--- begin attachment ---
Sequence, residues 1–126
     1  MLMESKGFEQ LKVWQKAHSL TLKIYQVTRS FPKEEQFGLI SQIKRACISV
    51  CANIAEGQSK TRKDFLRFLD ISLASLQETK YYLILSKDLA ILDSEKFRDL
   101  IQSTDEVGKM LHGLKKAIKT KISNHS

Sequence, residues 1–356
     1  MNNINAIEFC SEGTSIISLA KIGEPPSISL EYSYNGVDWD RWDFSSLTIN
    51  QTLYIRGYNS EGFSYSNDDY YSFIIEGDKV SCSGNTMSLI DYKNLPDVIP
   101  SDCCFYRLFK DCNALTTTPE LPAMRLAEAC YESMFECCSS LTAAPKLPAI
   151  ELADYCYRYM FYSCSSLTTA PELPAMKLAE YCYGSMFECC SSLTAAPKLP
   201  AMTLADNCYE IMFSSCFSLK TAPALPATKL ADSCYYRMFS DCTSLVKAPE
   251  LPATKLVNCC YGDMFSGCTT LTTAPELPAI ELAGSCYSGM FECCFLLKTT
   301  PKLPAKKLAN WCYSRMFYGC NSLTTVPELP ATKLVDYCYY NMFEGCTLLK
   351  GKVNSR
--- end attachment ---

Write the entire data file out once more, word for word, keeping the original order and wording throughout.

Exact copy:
Sequence, residues 1–126
     1  MLMESKGFEQ LKVWQKAHSL TLKIYQVTRS FPKEEQFGLI SQIKRACISV
    51  CANIAEGQSK TRKDFLRFLD ISLASLQETK YYLILSKDLA ILDSEKFRDL
   101  IQSTDEVGKM LHGLKKAIKT KISNHS

Sequence, residues 1–356
     1  MNNINAIEFC SEGTSIISLA KIGEPPSISL EYSYNGVDWD RWDFSSLTIN
    51  QTLYIRGYNS EGFSYSNDDY YSFIIEGDKV SCSGNTMSLI DYKNLPDVIP
   101  SDCCFYRLFK DCNALTTTPE LPAMRLAEAC YESMFECCSS LTAAPKLPAI
   151  ELADYCYRYM FYSCSSLTTA PELPAMKLAE YCYGSMFECC SSLTAAPKLP
   201  AMTLADNCYE IMFSSCFSLK TAPALPATKL ADSCYYRMFS DCTSLVKAPE
   251  LPATKLVNCC YGDMFSGCTT LTTAPELPAI ELAGSCYSGM FECCFLLKTT
   301  PKLPAKKLAN WCYSRMFYGC NSLTTVPELP ATKLVDYCYY NMFEGCTLLK
   351  GKVNSR